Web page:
Charlotte’s turbo vote on CRTPO may face test


July 13. Efforts to change the heavily weighted voting system employed by the Charlotte Regional Transportation Planning Organization (CRTPO) were officially launched in June when the Cornelius Town Board passed a resolution which urges CRTPO to adopt an unweighted voting structure. Under the proposed system, every municipal entity’s vote would be counted equally rather than the current voting structure which gives Charlotte much greater voting power.

The weighted vote means that Charlotte has 31 out of 68 total votes, or 46 percent right out of the gate. Cornelius has a grand total of two votes on any given matter, like toll lanes between Charlotte and Lake Norman.

“Charlotte’s 46 percent weighted vote is neither fair nor equitable when you consider that transportation  decisions should be made based on data and need across the entire regional territory,” said Commissioner Denis Bilodeau. “In fact, when you compare similar planning organizations throughout the country, you will find that Charlotte’s heavy advantage is unprecedented.”


CRTPO is the federally mandated and funded transportation policy-making organization in the greater Charlotte region made up of representatives from local governments, such as Cornelius, as well as governmental transportation agencies.

To receive federal transportation funding, urbanized areas over 50,000 in population are required to establish a Metropolitan Planning Organization (MPO). CRTPO is the MPO for Mecklenburg, Iredell, and the greater portion of Union County, thus it plays a significant role in area transportation planning and funding.

The opportunity to change the voting structure doesn’t come often, according to former CRPTO Chairman and Town Commissioner Mike Miltich. “Every time there’s a new census that changes the boundaries of CRTPO, then a new Memorandum of Understanding (MOU) between the member jurisdictions has to be agreed upon. That’s the best opportunity to change the bylaws.“

The weighted vote for Charlotte has frustrated suburban officials for many years, and they are hopeful the time may have finally come for a change.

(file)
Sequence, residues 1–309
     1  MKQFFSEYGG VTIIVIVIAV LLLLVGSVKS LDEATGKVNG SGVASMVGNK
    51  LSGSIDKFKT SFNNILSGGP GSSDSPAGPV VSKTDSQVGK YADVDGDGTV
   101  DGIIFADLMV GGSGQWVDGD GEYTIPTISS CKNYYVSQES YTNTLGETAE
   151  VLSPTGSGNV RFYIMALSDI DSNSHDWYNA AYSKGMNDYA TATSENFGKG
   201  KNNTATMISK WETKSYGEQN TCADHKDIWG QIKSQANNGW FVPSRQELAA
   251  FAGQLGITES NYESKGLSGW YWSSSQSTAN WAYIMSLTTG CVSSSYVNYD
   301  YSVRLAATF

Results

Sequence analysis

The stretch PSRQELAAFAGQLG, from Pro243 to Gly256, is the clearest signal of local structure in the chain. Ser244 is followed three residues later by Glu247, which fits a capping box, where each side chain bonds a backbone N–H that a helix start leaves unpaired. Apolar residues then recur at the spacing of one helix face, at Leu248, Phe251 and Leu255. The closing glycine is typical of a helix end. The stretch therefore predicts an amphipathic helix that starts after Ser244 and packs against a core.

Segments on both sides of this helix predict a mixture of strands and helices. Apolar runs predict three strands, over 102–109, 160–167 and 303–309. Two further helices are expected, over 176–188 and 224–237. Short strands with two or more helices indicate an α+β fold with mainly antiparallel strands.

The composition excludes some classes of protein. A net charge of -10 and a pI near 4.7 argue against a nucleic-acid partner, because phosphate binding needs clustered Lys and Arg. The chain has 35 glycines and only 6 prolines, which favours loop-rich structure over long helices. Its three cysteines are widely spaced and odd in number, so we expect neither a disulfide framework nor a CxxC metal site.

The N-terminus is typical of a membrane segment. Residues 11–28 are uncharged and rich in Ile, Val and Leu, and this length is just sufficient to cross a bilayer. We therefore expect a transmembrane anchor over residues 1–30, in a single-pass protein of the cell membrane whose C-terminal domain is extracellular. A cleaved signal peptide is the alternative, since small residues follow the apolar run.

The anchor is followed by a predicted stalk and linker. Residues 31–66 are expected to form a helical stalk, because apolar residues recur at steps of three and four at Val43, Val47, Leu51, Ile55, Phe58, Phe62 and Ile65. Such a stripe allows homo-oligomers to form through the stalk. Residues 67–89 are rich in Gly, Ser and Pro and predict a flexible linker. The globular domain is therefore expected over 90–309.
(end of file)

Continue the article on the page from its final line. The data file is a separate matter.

Toll lanes

It was especially troublesome when the proposals for widening I-77 in North Mecklenburg were under consideration a number of years ago. The weighted Charlotte votes virtually assured that toll lanes would be built from I-85 northward and that CINTRA, a Spanish based firm with a somewhat tarnished past, would be the builder.

Kurt Naas, who eventually became a commissioner on the Cornelius Town Board, was instrumental in generating public opposition to the project at that time, and although the toll lanes ultimately were built, there are many who believe that then Gov. Pat McCrory lost his bid for re-election partially due to his position on the toll lane issue.

Naas attended the June 19 meetings, and told the board members they must not only vote to approve the weighted voting resolution but must also form a coalition in order to have a chance at getting the voting process changed.

Bilodeau admits that changing the voting structure will be a tough sell.

“From our research it appears we will need a 75 percent majority vote to change, along with a sign off from the governor. But we’re ready, because we know it is time to change this outdated method of driving transportation decisions,” Bilodeau said.


3 Responses to “Charlotte’s turbo vote on CRTPO may face test”

  1. This is the number ! issue for us now. To actually change voting rights. Vote to approve the weighted voting and FORM A COALITION. The opportunity is now.

    Posted by TC Clayton | July 13, 2023, 12:54 pm
  2. Agreed, Mr Clayton!

    Posted by Cindy | July 13, 2023, 5:38 pm

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